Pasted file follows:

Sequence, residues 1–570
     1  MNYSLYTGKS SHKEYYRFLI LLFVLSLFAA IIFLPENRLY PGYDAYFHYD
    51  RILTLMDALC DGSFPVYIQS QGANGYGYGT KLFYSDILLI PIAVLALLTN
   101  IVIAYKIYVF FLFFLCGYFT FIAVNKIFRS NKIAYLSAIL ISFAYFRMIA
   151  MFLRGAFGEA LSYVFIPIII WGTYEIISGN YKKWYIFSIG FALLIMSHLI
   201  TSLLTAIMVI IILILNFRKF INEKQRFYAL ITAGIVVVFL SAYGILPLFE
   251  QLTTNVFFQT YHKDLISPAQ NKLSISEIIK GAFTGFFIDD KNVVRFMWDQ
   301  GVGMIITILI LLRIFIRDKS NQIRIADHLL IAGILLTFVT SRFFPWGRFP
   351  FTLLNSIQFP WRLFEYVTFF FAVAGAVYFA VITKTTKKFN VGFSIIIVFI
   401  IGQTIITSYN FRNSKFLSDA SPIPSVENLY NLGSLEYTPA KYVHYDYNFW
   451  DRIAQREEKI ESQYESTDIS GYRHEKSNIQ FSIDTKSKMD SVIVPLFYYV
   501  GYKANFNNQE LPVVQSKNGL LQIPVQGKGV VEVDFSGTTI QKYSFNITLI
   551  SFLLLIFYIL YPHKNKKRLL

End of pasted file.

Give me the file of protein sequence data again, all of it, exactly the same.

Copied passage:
Sequence, residues 1–570
     1  MNYSLYTGKS SHKEYYRFLI LLFVLSLFAA IIFLPENRLY PGYDAYFHYD
    51  RILTLMDALC DGSFPVYIQS QGANGYGYGT KLFYSDILLI PIAVLALLTN
   101  IVIAYKIYVF FLFFLCGYFT FIAVNKIFRS NKIAYLSAIL ISFAYFRMIA
   151  MFLRGAFGEA LSYVFIPIII WGTYEIISGN YKKWYIFSIG FALLIMSHLI
   201  TSLLTAIMVI IILILNFRKF INEKQRFYAL ITAGIVVVFL SAYGILPLFE
   251  QLTTNVFFQT YHKDLISPAQ NKLSISEIIK GAFTGFFIDD KNVVRFMWDQ
   301  GVGMIITILI LLRIFIRDKS NQIRIADHLL IAGILLTFVT SRFFPWGRFP
   351  FTLLNSIQFP WRLFEYVTFF FAVAGAVYFA VITKTTKKFN VGFSIIIVFI
   401  IGQTIITSYN FRNSKFLSDA SPIPSVENLY NLGSLEYTPA KYVHYDYNFW
   451  DRIAQREEKI ESQYESTDIS GYRHEKSNIQ FSIDTKSKMD SVIVPLFYYV
   501  GYKANFNNQE LPVVQSKNGL LQIPVQGKGV VEVDFSGTTI QKYSFNITLI
   551  SFLLLIFYIL YPHKNKKRLL